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Business News/ Politics / Policy/  Temsutula Imsong | The DIY cleanliness warrior
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Temsutula Imsong | The DIY cleanliness warrior

Temsutula Imsong is cleaning up Varanasi, one ghat at a timea drive endorsed by the prime minister himself

Temsutula Imsong is co-founder of Sakaar Sewa Samiti, a non-profit involved in rural development. Photo: Ramesh Pathania/MintPremium
Temsutula Imsong is co-founder of Sakaar Sewa Samiti, a non-profit involved in rural development. Photo: Ramesh Pathania/Mint

New Delhi: A boat ride down the Ganga as it flows past the famed ghats of Varanasi is on the to-do list of anyone visiting the city. It was no different for Temsutula Imsong, who along with Darshika Shah had moved to the city in 2013 to start a non-profit —Sakaar Sewa Samiti.

They embarked on such a ride one day in February 2015.

When Shah and Imsong’s boat approached Prabhu Ghat, one of 84 in the city, they were assailed by a stench. “We had to hold our breath. The entire ghat was shrouded in darkness, and while we had heard that Prabhu Ghat was dirty, the stench suggested that everything we had heard about it was probably an understatement," recalls Imsong.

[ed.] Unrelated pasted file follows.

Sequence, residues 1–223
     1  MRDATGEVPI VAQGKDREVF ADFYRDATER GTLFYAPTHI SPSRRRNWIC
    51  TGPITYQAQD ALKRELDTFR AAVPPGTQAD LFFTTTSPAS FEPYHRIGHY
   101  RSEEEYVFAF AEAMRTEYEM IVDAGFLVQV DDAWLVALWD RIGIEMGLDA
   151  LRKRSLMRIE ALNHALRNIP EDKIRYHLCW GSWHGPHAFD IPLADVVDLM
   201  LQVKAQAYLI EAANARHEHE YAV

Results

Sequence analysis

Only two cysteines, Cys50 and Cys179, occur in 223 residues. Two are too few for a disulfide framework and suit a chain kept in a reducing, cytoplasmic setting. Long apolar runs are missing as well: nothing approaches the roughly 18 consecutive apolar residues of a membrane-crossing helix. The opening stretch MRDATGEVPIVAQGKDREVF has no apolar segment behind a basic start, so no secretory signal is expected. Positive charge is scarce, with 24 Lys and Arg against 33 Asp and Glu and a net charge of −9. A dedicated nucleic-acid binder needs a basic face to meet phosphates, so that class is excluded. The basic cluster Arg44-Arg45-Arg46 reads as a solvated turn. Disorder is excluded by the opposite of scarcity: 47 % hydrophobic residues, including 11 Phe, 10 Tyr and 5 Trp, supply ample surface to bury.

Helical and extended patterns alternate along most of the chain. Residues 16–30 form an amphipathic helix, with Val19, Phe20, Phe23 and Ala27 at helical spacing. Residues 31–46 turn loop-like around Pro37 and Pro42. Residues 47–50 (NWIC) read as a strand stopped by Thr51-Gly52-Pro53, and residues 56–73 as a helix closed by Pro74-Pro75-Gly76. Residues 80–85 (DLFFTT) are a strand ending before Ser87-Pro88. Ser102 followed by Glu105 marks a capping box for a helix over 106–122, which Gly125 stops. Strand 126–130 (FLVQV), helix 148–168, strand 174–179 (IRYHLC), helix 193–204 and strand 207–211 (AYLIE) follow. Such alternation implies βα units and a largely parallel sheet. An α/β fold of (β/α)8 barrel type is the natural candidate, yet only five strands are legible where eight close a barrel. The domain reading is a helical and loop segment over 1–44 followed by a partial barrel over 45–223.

The two women asked the boatman to drop them off at the ghat. What they saw still makes Imsong shudder. “There was garbage and excrement everywhere. There was no place to even stand," she says. The sorry state of the ghat was all the more shocking given the fact that the city is the constituency of Prime Minister Narendra Modi and his pet project is the Swachh Bharat Abhiyan (Clean India Mission).

Imsong remembers “trembling" with anger that night, wondering how it is that residents of the city could treat the ghat, one of the city’s legacies, with such disrespect.

The two returned to the ghat a month later, this time with volunteers and cleaning equipment, having mobilized social media for the former and their own resources for the latter.

“We called it Mission Prabhu Ghat and it took us three days to clean up the ghat. We did a lot of crowdsourcing too, asking locals, be it students or residents, to join us—and they did," says Imsong.